After his early death at the age of 33, Alexander left behind a vast empire stretching from Greece to northwestern India. In addition to his empire, however, Alexander also left a lasting impression on the world as a military leader and king. Even today Alexander remains a respected historical character, considering that his military strategies are still used in modern warfare. This paper thus attempts to answer the question what lasting impacts Alexander the Great had on future generations. In doing so this paper will examine three aspects of Alexander the Great: his personality, his military skills and, lastly, the resulting cultural impact of his conquests.
Alexander the Great was the king and renown general of Macedonia. He led the Greek army against Persia and used many bold tactics in battle. Alexander the Great significantly expanded the Greek legacy by conquering territories. When he conquered a territory, he would not force the locals to assimilate into the Greek culture. This is to ensure they would not rebel against his leadership.
I focus on the challenge that his father Phillip left him. "Philip and his friends looked on at first in silence and anxiety for the result, till seeing him turn at the end of his career, and come back rejoicing and triumphing for what he had performed, they all burst out into acclamations of applause; and his father shedding tears, it is said, for joy, kissed him as he came down from his horse, and in his transport said, 'O my son, look thee out a kingdom equal to and worthy of thyself, for Macedonia is too little for thee' " (Alex. 6.8.). He was lead to believe that the cause of His life was to be the greatest leader and conqueror of all time. Alexander the Great's legacy is both far reaching and profound.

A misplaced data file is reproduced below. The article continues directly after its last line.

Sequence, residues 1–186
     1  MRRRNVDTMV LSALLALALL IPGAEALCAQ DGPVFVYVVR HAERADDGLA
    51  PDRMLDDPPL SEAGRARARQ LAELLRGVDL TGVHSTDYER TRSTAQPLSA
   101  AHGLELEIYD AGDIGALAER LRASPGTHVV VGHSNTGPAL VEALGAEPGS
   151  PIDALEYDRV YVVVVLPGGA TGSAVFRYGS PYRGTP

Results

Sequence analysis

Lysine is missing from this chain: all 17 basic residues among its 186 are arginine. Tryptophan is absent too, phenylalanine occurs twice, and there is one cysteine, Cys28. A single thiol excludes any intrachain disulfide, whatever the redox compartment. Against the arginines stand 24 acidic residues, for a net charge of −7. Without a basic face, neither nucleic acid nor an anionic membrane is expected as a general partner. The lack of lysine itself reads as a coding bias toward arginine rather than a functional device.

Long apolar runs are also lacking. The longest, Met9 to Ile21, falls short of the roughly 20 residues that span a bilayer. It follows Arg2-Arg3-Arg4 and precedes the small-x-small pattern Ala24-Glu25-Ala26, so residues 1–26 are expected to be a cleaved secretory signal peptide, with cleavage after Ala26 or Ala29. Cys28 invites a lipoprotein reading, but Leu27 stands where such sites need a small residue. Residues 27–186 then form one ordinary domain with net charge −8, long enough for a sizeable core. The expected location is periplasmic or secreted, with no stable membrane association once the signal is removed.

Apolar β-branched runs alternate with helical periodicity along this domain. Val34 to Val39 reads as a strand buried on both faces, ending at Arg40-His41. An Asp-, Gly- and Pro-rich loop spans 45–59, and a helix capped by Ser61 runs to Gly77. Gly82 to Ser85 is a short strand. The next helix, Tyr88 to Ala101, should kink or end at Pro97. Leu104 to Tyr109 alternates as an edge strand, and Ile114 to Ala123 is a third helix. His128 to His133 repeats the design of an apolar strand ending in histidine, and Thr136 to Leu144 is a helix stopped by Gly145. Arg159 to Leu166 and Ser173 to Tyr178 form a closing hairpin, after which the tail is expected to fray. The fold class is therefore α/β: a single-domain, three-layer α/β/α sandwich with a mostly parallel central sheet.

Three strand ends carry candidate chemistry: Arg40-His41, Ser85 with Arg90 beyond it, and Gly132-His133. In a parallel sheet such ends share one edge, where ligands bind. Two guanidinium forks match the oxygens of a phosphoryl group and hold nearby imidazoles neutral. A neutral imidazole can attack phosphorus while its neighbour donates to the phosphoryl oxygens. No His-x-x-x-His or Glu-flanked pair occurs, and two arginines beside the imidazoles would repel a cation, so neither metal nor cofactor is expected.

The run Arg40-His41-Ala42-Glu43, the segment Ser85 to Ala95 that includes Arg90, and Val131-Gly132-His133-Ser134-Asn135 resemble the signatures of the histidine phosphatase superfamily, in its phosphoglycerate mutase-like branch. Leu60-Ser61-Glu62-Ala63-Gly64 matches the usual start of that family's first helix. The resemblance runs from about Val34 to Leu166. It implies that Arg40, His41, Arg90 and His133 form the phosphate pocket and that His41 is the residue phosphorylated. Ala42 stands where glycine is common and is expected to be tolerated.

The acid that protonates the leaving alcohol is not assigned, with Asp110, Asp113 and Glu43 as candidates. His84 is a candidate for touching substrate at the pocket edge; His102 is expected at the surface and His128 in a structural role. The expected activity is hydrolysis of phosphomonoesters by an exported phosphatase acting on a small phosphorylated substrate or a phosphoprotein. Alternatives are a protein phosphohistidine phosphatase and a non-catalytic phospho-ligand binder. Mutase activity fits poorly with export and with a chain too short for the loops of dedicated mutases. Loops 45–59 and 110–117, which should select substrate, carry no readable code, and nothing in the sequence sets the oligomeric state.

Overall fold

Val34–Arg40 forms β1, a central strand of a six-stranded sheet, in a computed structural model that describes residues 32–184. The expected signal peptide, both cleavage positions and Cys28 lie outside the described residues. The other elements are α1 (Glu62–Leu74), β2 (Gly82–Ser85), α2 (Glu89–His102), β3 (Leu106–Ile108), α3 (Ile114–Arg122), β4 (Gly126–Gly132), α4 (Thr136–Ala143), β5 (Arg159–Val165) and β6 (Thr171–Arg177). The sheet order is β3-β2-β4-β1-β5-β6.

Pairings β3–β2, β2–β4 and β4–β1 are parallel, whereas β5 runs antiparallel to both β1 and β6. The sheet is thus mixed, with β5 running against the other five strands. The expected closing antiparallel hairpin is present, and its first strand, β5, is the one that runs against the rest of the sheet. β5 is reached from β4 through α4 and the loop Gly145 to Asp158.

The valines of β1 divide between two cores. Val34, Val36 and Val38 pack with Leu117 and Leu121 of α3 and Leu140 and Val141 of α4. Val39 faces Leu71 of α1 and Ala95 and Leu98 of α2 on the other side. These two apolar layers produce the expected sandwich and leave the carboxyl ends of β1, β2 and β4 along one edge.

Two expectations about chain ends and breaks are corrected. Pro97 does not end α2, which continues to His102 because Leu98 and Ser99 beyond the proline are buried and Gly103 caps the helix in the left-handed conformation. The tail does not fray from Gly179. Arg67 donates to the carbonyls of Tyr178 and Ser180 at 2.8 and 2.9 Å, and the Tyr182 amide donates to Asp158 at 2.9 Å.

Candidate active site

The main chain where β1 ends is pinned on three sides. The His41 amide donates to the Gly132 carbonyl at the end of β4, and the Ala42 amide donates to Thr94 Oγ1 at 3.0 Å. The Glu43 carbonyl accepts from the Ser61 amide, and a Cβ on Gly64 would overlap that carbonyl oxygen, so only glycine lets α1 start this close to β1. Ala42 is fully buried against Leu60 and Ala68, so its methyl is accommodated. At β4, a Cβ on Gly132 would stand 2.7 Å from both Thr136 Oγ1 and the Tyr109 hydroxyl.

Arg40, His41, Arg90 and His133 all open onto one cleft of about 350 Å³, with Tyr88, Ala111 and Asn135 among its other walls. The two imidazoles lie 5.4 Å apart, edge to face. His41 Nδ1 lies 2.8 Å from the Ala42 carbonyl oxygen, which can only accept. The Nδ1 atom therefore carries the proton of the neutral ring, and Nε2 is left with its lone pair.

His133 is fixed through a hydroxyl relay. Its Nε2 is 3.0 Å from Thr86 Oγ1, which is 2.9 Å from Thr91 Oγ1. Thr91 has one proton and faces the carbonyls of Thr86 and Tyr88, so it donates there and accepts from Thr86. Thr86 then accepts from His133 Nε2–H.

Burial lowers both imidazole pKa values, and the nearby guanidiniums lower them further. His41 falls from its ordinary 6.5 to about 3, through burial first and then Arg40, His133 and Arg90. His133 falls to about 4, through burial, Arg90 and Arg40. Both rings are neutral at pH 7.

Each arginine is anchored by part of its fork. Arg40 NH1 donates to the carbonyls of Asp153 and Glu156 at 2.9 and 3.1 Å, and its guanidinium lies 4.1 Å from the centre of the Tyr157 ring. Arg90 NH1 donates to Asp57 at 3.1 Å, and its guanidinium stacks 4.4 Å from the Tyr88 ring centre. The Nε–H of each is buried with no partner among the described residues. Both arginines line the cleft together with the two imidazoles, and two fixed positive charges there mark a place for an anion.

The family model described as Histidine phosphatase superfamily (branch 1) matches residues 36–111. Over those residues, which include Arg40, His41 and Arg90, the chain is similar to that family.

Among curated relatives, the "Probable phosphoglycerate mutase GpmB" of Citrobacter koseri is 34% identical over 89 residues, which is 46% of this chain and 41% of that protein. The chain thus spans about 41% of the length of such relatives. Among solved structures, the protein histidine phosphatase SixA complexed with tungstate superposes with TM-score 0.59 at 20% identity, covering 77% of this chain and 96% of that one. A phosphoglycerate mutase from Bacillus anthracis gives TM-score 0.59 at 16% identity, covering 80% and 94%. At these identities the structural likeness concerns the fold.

This meant that he saw them as an asset to the kingdom whether they were in the military or ordinary citizens. Alexander used his people but not the way Charlemagne did. Charlemagne squeezed out details from anyone who might have a valuable information that he can use for military purposes. His advanced planning and calculation had prevented rebellions domestically and helped him conquered foreign lands. Charlemagne’s military conquest had outlived Alexander and even pass his succession that Alexander did not do.